Unlike most people, who fear public speaking, Emma Ohlstrom enjoys addressing an audience and sharing her thoughts with articulate enthusiasm, whether she’s giving an interview over coffee or delivering a speech in a crowded auditorium.
“I love speaking to people of all ages,” said the recent East Valley High School graduate. “I get a rush of emotion. They’re all expecting something. They want to hear what you have to say.”
This summer Ohlstrom used those skills to place second in impromptu speaking at the Future Business Leaders of America National Leadership Conference in Orlando, Fla.
“She doesn’t get nervous,” said John Twining, one of her EVHS advisers. “Most kids have a reserved fear … they have great things in their mind but can’t release it. They have external fear; it holds them back. She doesn’t have that in front of people. She’s very comfortable speaking. It’s kind of a gift she just has.”
Ohlstrom has given speeches since fourth grade, participated in debate, and represented East Valley as a 2010 Miss Spokane Valley ambassador. But when she transferred to East Valley her junior year it didn’t have a debate program. So she joined FBLA, which offered competitive speaking opportunities along with other business-oriented skill building like technology, finance, resumes and business plans.
With an eye on public speaking, Ohlstrom told FBLA advisers Brett Kiefer and Twining she planned to qualify for the National Leadership Conference in 2010. They’d never had a student make it that far.
“I’m an assertive, goal-oriented person,” she explained, adding that she lives by the motto that you can only achieve what you believe.
After spending three months writing, fine-tuning and practicing a five-minute speech, she met her goal, placing first in public speaking at the state competition and earning the opportunity to give her speech at the national conference in Nashville, Tenn.
“I said, ‘I told you I could do it,’ ” she recalled. Then she set her sights higher, determining to place at the national conference in 2011.
This June, after placing second in public speaking and first in impromptu speaking at the state level, she had to choose which event to pursue in Orlando. The top two in each event qualify. She chose impromptu, which Twining says is the more difficult event. “Impromptu is probably the hardest one of all of them to prepare for. You can’t go in and feel prepared. There are so many different topics.”
Sequestered in a room, students have 10 minutes to read a prompt, choose a side and prepare a five-minute argument. If they speak too quickly or take too long they’re docked points.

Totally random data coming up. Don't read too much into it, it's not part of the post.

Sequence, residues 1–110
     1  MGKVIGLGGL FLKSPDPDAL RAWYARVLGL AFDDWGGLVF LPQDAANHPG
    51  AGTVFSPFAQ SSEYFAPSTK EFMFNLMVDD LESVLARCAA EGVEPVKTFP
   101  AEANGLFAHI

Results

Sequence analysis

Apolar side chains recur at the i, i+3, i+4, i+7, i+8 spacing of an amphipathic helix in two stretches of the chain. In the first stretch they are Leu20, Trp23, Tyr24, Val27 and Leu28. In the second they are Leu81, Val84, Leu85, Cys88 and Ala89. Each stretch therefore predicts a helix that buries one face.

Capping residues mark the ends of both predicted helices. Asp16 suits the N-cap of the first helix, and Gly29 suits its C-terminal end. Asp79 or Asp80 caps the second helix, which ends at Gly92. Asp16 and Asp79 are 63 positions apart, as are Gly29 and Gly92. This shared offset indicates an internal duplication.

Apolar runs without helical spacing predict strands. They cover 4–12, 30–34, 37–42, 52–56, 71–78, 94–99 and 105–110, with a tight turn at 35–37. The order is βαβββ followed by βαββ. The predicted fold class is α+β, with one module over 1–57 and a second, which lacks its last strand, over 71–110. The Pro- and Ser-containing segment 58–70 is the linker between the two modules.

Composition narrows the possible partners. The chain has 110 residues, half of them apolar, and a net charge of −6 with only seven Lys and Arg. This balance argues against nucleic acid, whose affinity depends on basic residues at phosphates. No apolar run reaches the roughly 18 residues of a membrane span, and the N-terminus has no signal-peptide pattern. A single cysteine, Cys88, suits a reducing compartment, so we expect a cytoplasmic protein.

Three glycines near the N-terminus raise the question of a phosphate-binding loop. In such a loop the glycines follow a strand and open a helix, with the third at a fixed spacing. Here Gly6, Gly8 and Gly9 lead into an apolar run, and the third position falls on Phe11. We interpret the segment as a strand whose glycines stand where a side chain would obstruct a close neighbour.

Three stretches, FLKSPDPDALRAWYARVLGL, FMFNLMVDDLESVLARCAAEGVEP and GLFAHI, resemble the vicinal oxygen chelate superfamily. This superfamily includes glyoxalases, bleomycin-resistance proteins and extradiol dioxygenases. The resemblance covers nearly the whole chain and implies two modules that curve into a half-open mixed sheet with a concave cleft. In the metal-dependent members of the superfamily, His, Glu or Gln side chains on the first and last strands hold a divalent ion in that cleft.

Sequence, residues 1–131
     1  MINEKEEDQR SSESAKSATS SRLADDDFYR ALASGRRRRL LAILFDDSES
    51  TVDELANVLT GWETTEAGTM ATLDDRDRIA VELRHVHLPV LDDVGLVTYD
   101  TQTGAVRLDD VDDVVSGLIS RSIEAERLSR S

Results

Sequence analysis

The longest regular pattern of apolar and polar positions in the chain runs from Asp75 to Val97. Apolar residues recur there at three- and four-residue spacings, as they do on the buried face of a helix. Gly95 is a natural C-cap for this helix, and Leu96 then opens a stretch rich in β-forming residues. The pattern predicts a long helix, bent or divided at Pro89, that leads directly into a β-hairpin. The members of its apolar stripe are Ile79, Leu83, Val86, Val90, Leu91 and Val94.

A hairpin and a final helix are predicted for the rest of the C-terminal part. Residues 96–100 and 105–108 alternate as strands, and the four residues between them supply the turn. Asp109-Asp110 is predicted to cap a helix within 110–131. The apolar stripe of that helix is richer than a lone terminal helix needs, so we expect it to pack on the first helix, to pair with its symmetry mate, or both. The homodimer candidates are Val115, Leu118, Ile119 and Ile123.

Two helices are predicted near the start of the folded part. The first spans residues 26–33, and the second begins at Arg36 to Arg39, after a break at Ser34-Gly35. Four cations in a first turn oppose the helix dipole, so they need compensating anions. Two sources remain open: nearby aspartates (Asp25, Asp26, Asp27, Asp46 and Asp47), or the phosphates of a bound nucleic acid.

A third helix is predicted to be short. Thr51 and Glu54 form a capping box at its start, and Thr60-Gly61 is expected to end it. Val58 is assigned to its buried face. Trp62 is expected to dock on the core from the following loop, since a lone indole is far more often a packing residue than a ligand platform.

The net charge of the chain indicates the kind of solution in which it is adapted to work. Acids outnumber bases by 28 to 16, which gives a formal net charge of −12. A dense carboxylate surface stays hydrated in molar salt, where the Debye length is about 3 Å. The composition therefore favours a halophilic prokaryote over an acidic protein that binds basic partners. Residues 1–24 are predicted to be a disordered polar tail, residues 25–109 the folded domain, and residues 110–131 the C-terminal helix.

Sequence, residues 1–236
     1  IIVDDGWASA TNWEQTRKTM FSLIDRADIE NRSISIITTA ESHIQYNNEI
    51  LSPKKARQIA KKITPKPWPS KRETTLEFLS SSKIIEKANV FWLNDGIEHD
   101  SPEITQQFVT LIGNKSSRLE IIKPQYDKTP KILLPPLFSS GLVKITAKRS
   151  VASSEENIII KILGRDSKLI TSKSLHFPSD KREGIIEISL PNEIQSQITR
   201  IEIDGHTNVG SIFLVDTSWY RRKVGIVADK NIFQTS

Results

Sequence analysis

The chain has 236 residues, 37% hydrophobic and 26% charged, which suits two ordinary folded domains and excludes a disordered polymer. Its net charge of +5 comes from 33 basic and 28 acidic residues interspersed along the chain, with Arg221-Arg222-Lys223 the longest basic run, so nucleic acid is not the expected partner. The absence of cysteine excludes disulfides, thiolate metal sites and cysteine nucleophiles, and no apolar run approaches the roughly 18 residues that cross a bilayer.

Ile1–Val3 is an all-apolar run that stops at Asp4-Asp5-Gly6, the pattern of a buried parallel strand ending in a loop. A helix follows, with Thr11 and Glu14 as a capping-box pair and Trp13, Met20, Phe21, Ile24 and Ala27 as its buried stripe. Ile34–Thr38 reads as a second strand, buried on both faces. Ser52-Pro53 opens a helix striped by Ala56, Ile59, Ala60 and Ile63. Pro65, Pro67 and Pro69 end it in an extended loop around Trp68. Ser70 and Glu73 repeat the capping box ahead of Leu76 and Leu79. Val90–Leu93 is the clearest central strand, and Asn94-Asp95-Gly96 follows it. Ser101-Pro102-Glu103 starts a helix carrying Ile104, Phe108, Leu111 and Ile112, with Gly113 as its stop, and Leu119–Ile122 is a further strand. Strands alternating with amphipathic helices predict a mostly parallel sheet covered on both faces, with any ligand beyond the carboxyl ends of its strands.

After making it to the final round with the top fifteen students, Ohlstrom said she was seven minutes into her preparation time and still didn’t know what she was going to say. She had to decide if she thought leadership was innate or learned and support her opinion.
“Everybody’s style is so different. Some don’t have much prepared and just talk. Some recite it from note cards,” Twining said. “Emma is very passionate. She is awesome about being able to pick one side or the other and use emotion.”
Ohlstrom also infuses her speeches with memorized quotes, examples and carefully chosen vocabulary to bolster her stance.
“The way we talk with words is important,” she said. “I look up different words if I want something more vibrant and colorful. I have a dictionary by my bed. The dictionary and thesaurus were the first apps I downloaded on my phone.”
For her speech, which earned a standing ovation and second place, Ohlstrom quoted John F. Kennedy saying, “We choose to go to the moon,” and talked about Erik Weihenmayer, the first blind man to climb Everest.
“He’s my inspiration. He pushed aside the world and what everyone said. He was born with that skill.”
It’s a skill Ohlstrom understands. “Going to nationals, a lot of people didn’t believe in me. I said, ‘I can.’ That’s why I tried so hard. I believe in myself,” she said, adding that it helped having parents and advisers who encouraged her. And she’s paid that same support forward to other students.
“She was a great kid to have in the club because she is outgoing. She did a great job of drawing other kids in,” said Twining. “It was a great experience to have a kid go to nationals.”
Now, as Ohlstrom heads to Washington State University this fall, she’s setting more goals, with plans to eventually earn a doctorate while continuing to connect with audiences. “I know where I want to end up. I can see it, but I’m trying to figure out what that is,” she said. “I want to educate myself.